Yesterday my guild in WoW held a fairly creative twist on a real world classic: hide and seek.

The original concept one of our officers had was just that – play hide and seek. Over mumble, multiple guildmates helped refine the idea until we ended up with a fairly entertaining spin. One brave volunteer put himself up to be “it” and the rest of us made Alliance toons in our guild’s Alliance alt-guild and then hid. He then had to turn nameplates off and go a-hunting for us. In Stormwind. As a Hordie. We made things interesting by offering bounties on his head for any screencaps of people killing him, plus we all hung out in mumble and taunted him. Around a dozen or so people turned up to this event, which is a good turnout for the end of expansion lulls. Even better, we were able to capitalize on the mood and roll the group of participants into an eventual “For the Horde!” raid.

I always am a big fan of creative events like this. For me, not everything we do in a game needs to be based solely in the mechanics the devs have given us to play with – sure, raids and battlegrounds are fun, but most games also feature an expansive world and lots of little details which can be used to create a fun event. Back when I played MUDs, I loved to setup scavenger hunts and quizzes for people, sending them to obscure locations, or making them bring back items, or, for one Halloween, setting up a whole murder-mystery trail of clues for other players to solve.

Pyramid o’ dragons.

Sometimes the most amusing events aren’t even anything in particular. For example, after one very successful ICC achievement run, everyone started busting out the dragons they’d finally earned. Somehow that evolved into us forming a hovering pyramid of Bloodbathed Frostbrood Vanquishers…which eventually turned into a parade around Ogrimmar…with more and more people who owned that mount joining in. We probably had at least 40 or more people doing the conga around Garrosh’s building by the end of it, and none of us could stop giggling the entire time.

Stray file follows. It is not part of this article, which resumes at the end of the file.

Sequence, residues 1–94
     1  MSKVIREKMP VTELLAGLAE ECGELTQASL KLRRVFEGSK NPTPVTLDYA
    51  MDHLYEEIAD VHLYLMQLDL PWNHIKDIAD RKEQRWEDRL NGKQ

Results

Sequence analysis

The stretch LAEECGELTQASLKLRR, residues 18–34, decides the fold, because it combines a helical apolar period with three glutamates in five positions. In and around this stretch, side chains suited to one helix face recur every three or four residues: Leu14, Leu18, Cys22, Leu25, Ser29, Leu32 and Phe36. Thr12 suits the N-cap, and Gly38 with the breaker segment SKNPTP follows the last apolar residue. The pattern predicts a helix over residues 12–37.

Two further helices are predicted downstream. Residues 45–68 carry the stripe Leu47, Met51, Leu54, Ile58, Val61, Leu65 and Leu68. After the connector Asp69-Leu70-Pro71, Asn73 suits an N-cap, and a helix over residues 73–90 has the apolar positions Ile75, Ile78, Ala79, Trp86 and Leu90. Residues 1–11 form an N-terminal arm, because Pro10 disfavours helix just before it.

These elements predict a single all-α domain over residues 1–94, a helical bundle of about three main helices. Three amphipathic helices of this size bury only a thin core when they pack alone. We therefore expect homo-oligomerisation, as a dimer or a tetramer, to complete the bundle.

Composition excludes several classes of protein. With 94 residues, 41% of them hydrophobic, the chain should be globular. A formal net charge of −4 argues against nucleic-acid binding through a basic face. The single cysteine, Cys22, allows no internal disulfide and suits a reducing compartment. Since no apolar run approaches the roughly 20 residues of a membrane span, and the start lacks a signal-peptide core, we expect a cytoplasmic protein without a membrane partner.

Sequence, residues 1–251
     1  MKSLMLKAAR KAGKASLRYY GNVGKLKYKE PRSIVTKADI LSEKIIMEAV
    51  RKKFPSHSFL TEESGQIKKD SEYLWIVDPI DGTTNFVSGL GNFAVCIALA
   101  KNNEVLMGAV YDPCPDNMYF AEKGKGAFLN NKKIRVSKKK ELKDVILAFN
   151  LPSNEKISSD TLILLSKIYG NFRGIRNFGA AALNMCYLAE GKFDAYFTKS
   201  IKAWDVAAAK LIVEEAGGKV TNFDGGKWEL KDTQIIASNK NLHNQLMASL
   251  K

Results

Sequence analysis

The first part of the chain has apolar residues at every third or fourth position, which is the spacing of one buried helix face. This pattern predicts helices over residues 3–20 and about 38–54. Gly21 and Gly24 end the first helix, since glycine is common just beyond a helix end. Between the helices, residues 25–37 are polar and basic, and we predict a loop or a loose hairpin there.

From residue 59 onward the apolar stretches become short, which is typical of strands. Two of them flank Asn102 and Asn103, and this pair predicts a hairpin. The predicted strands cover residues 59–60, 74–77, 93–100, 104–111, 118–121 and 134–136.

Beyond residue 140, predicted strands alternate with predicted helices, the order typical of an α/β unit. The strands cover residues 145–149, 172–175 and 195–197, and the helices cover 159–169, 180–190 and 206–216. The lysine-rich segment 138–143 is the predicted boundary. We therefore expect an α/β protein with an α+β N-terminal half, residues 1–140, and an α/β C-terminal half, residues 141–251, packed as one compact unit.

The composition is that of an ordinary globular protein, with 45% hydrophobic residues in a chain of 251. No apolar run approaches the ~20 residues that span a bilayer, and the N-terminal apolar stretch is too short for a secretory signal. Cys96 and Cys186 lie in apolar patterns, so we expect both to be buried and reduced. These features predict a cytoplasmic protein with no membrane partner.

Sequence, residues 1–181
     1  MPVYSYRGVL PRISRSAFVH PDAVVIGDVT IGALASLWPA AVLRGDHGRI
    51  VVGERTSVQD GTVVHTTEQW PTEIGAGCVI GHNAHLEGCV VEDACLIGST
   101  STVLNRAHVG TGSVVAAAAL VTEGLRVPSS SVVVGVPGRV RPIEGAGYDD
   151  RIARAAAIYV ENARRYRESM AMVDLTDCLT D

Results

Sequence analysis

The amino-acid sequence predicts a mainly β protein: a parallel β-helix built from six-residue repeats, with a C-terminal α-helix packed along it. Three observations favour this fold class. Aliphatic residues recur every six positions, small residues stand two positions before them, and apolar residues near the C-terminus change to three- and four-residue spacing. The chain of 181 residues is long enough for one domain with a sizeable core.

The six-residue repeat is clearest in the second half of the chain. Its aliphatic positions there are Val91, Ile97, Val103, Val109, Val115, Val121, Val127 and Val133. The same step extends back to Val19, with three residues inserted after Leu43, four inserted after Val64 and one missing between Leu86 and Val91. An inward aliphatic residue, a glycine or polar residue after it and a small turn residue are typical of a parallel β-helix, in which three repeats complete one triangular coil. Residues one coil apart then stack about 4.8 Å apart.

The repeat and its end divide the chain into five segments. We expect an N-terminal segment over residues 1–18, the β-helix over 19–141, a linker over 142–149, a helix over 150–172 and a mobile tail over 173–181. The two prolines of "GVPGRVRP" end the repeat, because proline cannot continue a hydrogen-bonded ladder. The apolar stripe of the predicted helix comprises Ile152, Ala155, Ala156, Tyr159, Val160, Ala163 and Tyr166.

Here are some fun event ideas I’ve seen in various games over the years. Most can be adapted to a variety of games.

  • Scavenger hunts: send participants out to find items or places or follow a trail of clues.
    • Some games let you bury items to hide treasure, while others may let you leave letters or signs around to provide clues. For follow-the-trail games, I like to leave messages/words/numbers on each clue which players should take note of. At the end, ask them a riddle or question which ensures they actually saw every clue and didn’t jump over a few links in the trail.
    • For finding items, you can have players find rare objects, speed-race to bring back common items, or encourage creativity. In one roleplay-based MUD, I had players bring back their interpretation of various concepts. The guild I was leading was a militant order of death knights, so the concepts included abstract things open to interpretation like “pain,” “strength” and “power.” This type of roleplay-based event can easily transition into more extended roleplay and also reinforce important tenets of your organization. It can also lead to amusing results, like the guy who brought back the LITERAL DEAD BODY of a slain enemy character as an example of “weakness.”
    • For location-finding, you can do things like making a list of riddles or clues which refer to various places in the game. Either have players race to get to each location you call out, then verify they are there, or give an entire list and let players find them over an extended length of time. Screenshots, in-game letters or posts on guild forums with the answers can all work as possible submission methods.
  • Tournaments: pitting your organization against each other (or against an enemy organization) in a formal, tiered schedule of fights can be exciting and fun, especially if there are rewards at stake. You can also usually wave something unique before the participants as a prize, like the right to bear a custom title or a creative work posted publicly about their prowess in battle. Many games have “official” avenues for combat which you can utilize for these games, such as duels, arenas or wargames.